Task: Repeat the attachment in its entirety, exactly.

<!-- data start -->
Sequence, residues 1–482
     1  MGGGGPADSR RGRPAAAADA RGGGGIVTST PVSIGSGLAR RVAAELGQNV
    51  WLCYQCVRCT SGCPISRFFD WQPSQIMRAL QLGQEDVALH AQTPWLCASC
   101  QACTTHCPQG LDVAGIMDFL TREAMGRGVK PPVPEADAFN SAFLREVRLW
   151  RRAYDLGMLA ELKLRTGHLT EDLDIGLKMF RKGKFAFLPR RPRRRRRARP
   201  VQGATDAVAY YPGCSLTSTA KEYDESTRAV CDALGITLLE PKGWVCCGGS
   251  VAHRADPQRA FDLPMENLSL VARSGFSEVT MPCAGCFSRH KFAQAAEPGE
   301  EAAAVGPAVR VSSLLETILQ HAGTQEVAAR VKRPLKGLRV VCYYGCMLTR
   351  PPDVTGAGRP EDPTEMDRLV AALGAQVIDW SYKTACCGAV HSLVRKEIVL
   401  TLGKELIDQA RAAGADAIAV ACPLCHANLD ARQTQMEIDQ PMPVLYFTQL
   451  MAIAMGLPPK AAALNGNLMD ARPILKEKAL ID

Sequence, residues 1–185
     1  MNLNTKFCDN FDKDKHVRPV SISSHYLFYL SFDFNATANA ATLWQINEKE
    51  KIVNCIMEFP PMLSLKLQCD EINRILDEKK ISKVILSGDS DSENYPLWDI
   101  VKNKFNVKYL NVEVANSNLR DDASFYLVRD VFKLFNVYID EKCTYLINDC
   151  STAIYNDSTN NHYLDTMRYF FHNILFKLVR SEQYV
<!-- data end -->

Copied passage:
Sequence, residues 1–482
     1  MGGGGPADSR RGRPAAAADA RGGGGIVTST PVSIGSGLAR RVAAELGQNV
    51  WLCYQCVRCT SGCPISRFFD WQPSQIMRAL QLGQEDVALH AQTPWLCASC
   101  QACTTHCPQG LDVAGIMDFL TREAMGRGVK PPVPEADAFN SAFLREVRLW
   151  RRAYDLGMLA ELKLRTGHLT EDLDIGLKMF RKGKFAFLPR RPRRRRRARP
   201  VQGATDAVAY YPGCSLTSTA KEYDESTRAV CDALGITLLE PKGWVCCGGS
   251  VAHRADPQRA FDLPMENLSL VARSGFSEVT MPCAGCFSRH KFAQAAEPGE
   301  EAAAVGPAVR VSSLLETILQ HAGTQEVAAR VKRPLKGLRV VCYYGCMLTR
   351  PPDVTGAGRP EDPTEMDRLV AALGAQVIDW SYKTACCGAV HSLVRKEIVL
   401  TLGKELIDQA RAAGADAIAV ACPLCHANLD ARQTQMEIDQ PMPVLYFTQL
   451  MAIAMGLPPK AAALNGNLMD ARPILKEKAL ID

Sequence, residues 1–185
     1  MNLNTKFCDN FDKDKHVRPV SISSHYLFYL SFDFNATANA ATLWQINEKE
    51  KIVNCIMEFP PMLSLKLQCD EINRILDEKK ISKVILSGDS DSENYPLWDI
   101  VKNKFNVKYL NVEVANSNLR DDASFYLVRD VFKLFNVYID EKCTYLINDC
   151  STAIYNDSTN NHYLDTMRYF FHNILFKLVR SEQYV